My back boards are all done, beads and all, painted.
One of them had a loose knot so I soaked it all around with super glue on both sides Friday. It is now solid and has been painted over.
The end board that I salvaged has been recut to its proper width and also painted.
The French cleat parts are installed, both on the till and the wall.
Normally I install the bottom spacer to the wall and screw the cabinet to it, but in this case, I would have nothing to screw into the back of the till.
So I reversed the operation. Understanding that it would be tricky to hit the stud from within those small drawers boxes, I first put my spacer to the wall as usual, to mark my holes location, then removed it, drilled its holes and secured it to the till with glue and screws. That way, I'm guaranteed to hit the studs when I screw it to the wall.
The screws holes on the French cleat part on the wall need to be
recessed in order for the till to lay flat on the wall.
My new holders made of maple have been machined, but one had a crack I didn't see and it came apart once I separated my sandwich of maple...
No biggie, I made extra parts just in case...
Still managed to make three trips to the woodshop yesterday...
My saw handle board has been cut in 2 parts, to better accommodate the various saw's hangs. I added a piece at the bottom of the back saw handle board to raise the handles up, some where touching the shelf on the till. Similarly, my middle kerf board got its kerf recut deeper and I added a piece in the back also to give me more room to fully engaged the saw's plate.
Both boards cooking last nite
This morning after cleaning up my glued boards, I cut a round profile on the
top part of the handle board, using a block plane to rough out the waste
then a Hollow plane followed by a light sanding.
Now it's time to finalize my optimum locations for each (3) sections.
That required a few back and forth experiments with my boards width and saw kerf's depth, and a few trips to the woodshop.
I first experimented with various kerf depth but in the end I cut them all the same depth. That way, the saws are not dedicated to a peculiar spot on the till. I think it's better that way.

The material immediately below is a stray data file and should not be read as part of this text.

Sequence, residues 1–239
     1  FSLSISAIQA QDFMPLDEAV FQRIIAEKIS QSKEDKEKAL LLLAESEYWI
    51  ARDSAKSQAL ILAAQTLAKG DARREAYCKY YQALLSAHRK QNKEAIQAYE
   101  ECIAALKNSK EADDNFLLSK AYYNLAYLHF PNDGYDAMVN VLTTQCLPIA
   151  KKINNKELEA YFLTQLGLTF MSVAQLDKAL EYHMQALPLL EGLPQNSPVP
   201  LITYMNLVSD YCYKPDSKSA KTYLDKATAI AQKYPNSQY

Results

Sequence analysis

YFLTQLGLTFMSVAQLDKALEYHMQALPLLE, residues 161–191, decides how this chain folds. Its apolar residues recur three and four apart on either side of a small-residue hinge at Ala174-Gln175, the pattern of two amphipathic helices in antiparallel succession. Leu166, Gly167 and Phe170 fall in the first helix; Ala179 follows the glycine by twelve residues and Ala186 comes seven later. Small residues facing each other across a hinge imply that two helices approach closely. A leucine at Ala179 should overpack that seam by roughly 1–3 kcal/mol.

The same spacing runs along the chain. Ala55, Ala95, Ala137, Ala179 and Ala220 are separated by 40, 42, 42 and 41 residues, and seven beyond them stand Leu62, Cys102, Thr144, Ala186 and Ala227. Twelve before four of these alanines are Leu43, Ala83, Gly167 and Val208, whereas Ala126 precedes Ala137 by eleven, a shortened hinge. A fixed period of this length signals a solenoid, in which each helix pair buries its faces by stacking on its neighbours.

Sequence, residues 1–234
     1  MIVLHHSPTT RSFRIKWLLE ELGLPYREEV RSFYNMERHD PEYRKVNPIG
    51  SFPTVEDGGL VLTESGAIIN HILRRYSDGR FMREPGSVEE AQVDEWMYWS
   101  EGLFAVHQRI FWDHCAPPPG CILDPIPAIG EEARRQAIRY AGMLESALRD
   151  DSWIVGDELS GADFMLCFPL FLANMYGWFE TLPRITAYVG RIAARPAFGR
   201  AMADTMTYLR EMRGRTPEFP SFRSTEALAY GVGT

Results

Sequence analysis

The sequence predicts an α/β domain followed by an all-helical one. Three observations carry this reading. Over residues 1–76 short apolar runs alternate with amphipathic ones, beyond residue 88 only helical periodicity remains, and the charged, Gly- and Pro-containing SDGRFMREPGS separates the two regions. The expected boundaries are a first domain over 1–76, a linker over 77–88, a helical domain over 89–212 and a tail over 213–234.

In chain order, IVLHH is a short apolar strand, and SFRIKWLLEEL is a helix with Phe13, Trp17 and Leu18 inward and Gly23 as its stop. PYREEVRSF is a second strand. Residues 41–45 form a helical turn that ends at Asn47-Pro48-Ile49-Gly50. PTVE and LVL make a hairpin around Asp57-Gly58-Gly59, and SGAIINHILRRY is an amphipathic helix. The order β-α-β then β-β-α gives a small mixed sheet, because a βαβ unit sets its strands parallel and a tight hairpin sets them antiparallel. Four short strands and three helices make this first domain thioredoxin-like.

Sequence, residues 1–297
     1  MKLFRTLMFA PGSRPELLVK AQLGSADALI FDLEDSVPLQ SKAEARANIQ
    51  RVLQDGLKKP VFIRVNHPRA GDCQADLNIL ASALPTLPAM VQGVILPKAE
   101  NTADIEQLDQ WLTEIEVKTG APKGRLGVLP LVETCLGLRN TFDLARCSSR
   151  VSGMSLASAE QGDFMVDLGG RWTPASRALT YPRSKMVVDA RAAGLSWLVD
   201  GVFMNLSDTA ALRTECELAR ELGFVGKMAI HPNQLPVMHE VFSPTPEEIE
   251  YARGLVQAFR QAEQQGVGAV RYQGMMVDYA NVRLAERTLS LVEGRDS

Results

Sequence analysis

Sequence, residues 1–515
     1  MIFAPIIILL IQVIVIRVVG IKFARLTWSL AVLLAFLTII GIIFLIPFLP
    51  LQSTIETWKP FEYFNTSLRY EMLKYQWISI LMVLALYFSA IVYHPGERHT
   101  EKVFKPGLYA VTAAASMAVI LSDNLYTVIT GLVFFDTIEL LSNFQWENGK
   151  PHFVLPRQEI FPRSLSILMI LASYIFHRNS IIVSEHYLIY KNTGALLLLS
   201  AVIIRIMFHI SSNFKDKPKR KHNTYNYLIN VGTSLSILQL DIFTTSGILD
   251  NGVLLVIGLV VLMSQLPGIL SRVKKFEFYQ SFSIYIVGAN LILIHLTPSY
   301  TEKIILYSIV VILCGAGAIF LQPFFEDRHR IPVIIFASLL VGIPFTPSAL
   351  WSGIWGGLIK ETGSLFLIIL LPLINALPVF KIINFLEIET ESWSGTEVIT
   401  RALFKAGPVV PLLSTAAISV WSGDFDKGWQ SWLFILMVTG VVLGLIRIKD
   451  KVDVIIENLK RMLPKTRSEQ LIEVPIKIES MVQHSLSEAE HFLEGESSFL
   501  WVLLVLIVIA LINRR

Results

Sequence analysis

This testing could go an and on...
I got quite a variety of hangs on my saws selection!
I also experimented with two kerf boards for the back saw.
I find that engaging the plate with only one makes the longest one too floppy.
In the end, I cut the middle kerf board in two parts, the longer one for the handsaws (which gave me so much trouble to get it right) got a piece added on, then I recut about a 1/4 in off it. The shorter one (3 kerfs for the Mitre box saws) did not get any add on piece behind.
And the back saws get two short length of 6 kerfs board, mounted with a space in between to engage all the saws in two places.
To install the kerf boards, I pre-drilled the hardwood pieces to avoid nasty surprises at this stage. I said earlier that I was going to used oak for those kerf boards (pine being too soft, and would get chew up) but in the end I used maple. I was worrying about the tannin reacting with the steel plate of the saws.
And the handle boards can be secured. I'm using metal L-brackets with screws to fasten these. 3 brackets on the longer piece, only 2 on the short one.
Once finally installed, the back boards went on. I said I was going to screw them in, but by now, I was getting tired of screwing everything by hand so I just pinned them with 18 gauge 3/4 in pins. I put 6 on each boards, should be more than sufficient and should not be too difficult to removed them if ever needed.
Dime spacers in place, pinned each boards in three places
with two pins top, middle and bottom.
Will be able to flex and move as required with the seasons.
It can now be loaded with its precious cargo...well once the wipe on Poly is dried. I forgot to do the top kerf piece this morning so it just recently got its coat(s)
I will wait until it is dry before I put the saws in...
So there it is, finally in all its glory! minus its cargo...
Only thing left to do is to build the three drawers. Since it may be a little while until I get "Round tuit" I decided that I should paint the inside cavities for the drawers, so it doesn't look "unfinished" :-)
Meanwhile, it is now time to start to prepared the wood for my next project, the bottom tool chest cabinet for my antique small joiner chest.
Oh, and I better start on the drawers wood parts also :-)
Bob, really happy how his modest shop is turning out so far.